Mr Butt is certainly right about fighting against the ICC's decision. what mostly surprises me is he refers to lack of security in India, Bangladesh and Srilanka as a scapegoat. People in teh ICC responsible for taking this decision is just worried that Pakistan has failed to provide security to an internation cricket team on their tour....what a shame as Butt should instead be fighting with his government as why the security for the Srilankan Cricket team was not enhanced for their safey. ICC has taken the right decision to ban Pakistan to host world cup matches and shame them worldwide. Some might argue that terrorist activities took place in India during a series as well.but the point tehy are missing out is that it did not concern the touring English Cricketers. They were given full proof security. Pakistan can also learn a lesson from their neighbour Bangladesh, who cancelled Pakistan tour of Bangladesh as they were not able to provide appropriate security.Learn from your mistakes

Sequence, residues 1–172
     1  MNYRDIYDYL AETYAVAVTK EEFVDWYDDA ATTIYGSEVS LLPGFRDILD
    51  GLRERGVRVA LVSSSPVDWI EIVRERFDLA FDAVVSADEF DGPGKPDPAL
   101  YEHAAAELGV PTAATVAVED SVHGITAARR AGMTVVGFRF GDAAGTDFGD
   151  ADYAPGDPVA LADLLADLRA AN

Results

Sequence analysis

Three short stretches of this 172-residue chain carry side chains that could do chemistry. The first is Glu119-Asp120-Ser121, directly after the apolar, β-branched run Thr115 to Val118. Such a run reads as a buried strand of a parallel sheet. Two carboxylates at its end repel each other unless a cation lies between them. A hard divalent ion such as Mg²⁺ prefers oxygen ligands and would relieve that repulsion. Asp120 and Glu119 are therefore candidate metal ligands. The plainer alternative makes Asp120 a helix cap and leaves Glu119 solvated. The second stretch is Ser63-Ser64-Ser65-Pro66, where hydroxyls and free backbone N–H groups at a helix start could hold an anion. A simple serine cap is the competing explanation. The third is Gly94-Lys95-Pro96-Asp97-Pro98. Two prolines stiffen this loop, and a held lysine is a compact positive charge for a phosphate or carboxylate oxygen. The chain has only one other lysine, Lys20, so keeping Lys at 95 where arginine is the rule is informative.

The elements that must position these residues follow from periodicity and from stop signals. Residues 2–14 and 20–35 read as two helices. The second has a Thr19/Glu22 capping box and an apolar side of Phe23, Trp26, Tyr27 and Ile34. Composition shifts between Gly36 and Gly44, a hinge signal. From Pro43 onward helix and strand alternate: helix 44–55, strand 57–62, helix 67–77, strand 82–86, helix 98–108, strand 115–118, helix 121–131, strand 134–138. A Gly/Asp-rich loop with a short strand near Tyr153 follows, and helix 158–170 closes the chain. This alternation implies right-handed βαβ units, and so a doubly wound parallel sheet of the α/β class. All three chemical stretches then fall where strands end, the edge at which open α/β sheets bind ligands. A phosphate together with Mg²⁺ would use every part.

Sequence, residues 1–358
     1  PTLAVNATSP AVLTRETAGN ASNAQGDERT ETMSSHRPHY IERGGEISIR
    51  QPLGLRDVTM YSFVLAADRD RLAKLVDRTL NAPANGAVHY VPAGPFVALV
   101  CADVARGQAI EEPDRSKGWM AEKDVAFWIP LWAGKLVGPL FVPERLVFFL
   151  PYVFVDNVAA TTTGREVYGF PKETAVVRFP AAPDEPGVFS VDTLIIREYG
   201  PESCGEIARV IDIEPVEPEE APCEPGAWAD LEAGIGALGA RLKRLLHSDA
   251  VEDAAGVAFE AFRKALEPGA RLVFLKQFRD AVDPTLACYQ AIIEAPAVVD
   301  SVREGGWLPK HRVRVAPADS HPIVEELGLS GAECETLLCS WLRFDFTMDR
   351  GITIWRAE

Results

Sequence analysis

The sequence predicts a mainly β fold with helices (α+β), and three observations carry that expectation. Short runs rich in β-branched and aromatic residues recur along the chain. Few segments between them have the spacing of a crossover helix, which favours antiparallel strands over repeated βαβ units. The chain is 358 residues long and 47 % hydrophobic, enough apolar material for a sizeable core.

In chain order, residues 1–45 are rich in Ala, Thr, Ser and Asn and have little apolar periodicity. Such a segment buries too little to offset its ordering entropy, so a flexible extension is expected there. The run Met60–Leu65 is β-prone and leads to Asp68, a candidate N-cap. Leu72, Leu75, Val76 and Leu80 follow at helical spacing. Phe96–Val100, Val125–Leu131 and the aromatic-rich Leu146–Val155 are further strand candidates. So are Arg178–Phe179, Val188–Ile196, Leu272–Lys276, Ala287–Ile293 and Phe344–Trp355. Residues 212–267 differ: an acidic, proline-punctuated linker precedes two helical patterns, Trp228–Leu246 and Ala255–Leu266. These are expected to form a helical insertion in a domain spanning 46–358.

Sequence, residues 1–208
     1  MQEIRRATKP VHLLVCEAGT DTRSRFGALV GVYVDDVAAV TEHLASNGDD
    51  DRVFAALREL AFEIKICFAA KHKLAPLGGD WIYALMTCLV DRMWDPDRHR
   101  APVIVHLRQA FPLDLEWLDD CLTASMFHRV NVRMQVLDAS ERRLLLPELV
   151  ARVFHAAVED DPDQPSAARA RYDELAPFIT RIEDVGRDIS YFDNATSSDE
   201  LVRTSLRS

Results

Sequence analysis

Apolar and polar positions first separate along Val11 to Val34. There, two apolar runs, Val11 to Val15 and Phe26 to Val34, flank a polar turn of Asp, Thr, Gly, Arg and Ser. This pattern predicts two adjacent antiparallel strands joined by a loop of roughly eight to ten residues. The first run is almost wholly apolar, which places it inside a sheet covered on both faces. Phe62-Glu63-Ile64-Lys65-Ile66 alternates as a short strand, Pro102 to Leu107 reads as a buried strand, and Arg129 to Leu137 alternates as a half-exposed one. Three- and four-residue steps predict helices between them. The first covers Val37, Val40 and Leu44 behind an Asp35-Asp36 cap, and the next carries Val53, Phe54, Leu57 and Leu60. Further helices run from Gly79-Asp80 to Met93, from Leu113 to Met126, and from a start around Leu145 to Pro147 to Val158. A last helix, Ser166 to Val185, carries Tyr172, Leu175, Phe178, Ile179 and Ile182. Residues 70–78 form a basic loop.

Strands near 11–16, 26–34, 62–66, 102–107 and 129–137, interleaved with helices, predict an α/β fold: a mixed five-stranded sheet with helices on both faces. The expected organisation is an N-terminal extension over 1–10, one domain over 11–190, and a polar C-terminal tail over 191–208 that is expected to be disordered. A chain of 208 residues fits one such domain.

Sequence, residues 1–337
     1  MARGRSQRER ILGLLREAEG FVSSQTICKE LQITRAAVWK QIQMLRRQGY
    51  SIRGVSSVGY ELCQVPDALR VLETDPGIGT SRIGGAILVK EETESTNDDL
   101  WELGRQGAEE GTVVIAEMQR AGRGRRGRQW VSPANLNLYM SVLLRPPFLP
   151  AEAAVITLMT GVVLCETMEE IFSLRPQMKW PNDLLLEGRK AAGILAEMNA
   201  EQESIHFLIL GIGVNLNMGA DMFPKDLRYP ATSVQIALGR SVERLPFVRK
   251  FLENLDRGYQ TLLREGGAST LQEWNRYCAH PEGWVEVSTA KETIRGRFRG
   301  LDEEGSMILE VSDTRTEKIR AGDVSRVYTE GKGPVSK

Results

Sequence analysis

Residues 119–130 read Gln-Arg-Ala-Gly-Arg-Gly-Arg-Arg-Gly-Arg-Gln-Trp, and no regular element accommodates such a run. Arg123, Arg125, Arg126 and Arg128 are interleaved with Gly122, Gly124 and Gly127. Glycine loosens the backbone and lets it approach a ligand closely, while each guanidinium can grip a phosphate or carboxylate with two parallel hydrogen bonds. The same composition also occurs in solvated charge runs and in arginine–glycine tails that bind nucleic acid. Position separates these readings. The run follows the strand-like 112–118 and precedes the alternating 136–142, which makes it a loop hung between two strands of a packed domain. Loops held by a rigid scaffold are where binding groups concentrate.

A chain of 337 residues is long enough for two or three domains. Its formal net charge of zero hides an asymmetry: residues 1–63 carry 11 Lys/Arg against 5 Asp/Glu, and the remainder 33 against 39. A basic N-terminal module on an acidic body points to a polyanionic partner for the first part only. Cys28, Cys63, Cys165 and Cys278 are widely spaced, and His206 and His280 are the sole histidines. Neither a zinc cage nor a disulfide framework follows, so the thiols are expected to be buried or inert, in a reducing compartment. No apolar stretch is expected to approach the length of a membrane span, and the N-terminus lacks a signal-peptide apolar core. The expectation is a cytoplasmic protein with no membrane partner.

• Tami on May 11, 2009, 12:10 GMT

    It is sad to hear people saying things about India and Sri Lanka, when no other country was willing to visit Pakistan, Sri Lankan team moved forward in the spirit of game and came to Pakistan. The whole team almost got killed and this is what they are getting now. Instead of showing some gratitude to Sri Lankans people here are leaving meaningless comments. People who think matches should move to Dubai, the problem is that PCB will gain nothing from those venues. But PCB has gone to the wrong path here, I doubt any Asian Country will support Pakistan in the future. Remember how sub-con stand along Pakistan for Champions Trophy. Further nobody is reading Newspaper here, it is just the reality that no CRICKET TEAM wants to visit Pakistan. I doubt PCB will win this case and I am sure they will have sad years to come after. Current PCB is really a team of kids that want money and are blind to reality.

  • talib on May 11, 2009, 11:54 GMT